Monday Musings: May 23, 2022

May 23, 2022

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Public Trust Credit Team
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Subprime loans show signs of shaking despite strong consumer balance sheets

According to Equifax, delinquencies for subprime (meaning FICO score of 580-619) credit card and auto loans have risen for the last eight consecutive months while auto loan delinquencies hit an all-time high in February. Inflation and interest rates are pressuring borrower balance sheets, especially in the subprime category that is leading to the increase. Citigroup estimates that monthly auto payments are increasing by $10-15 a month for each 1% increase in rates and $15-20 per month per $1,000 increase in the loan amount. Rising rates will have a more profound effect on debt with a variable rate like credit cards or adjustable-rate auto loans and could be leading to some of the increase in delinquencies. It should also be noted that mortgage lending has remained relatively strict over the years, leading lenders to embrace subprime credit for other types of loans last year.

To further analyze this risk, we look to the underlying data; overall, fewer people are in the subprime brackets than pre-pandemic due to broadly stronger consumer balance sheets. 18.6% of adults were considered subprime in February 2020 and that number declined to 15.5% in 2021. Citigroup estimates that ~30% of all auto loan originations are subprime, leaving ~70% of the auto loan market in the prime category. While delinquencies are at all-time highs, the Equifax data set only goes back to 2007 and most of these highs were actually hit in 2019 and 2020 before the pandemic. Given the unprecedented government stimulus and the better than normal state of consumer balance sheets because of it, many lenders believe that the increase is more indicative of a normalization than a problem. After periods of rapid growth and declining unemployment, an increase in subprime delinquencies does fit the historical norm.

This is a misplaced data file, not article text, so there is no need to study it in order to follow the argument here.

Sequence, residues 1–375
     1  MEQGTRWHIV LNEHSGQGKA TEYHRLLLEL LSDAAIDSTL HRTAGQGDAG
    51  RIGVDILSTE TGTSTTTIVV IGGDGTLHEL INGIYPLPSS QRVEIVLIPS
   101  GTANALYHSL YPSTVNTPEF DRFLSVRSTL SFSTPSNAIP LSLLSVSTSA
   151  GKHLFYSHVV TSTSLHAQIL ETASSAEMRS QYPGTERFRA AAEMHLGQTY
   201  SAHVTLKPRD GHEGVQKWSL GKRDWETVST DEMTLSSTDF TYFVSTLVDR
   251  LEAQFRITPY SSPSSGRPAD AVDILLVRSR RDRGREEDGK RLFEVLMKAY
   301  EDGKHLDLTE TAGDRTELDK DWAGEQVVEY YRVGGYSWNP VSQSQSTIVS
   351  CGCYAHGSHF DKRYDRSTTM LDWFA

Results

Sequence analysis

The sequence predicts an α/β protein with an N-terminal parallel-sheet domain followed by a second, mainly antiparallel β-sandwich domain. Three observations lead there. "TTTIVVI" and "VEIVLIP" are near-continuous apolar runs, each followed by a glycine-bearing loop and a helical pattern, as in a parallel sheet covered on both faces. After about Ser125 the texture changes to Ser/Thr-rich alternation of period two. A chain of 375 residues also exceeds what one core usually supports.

We use a proprietary process to disaggregate the underlying risks of the asset-backed securities to ensure we fully understand the types of underlying investments present, and we use a team-centric approach to understanding the drivers of this underlying performance. While the increase in subprime delinquencies might be due to normalization, we think it is prudent to continually monitor the market to ensure the performance and credit quality of our asset-backed investments and financial institutions. 

All comments and discussion presented are purely based on opinion and assumptions, not fact. These assumptions may or may not be correct based on foreseen and unforeseen events. The information presented should not be used in making any investment decisions. This material is not a recommendation to buy, sell, implement, or change any securities or investment strategy, function, or process. Any financial and/or investment decision should be made only after considerable research, consideration, and involvement with an experienced professional engaged for the specific purpose. Past performance is not an indication of future performance. Any financial and/or investment decision may incur losses.

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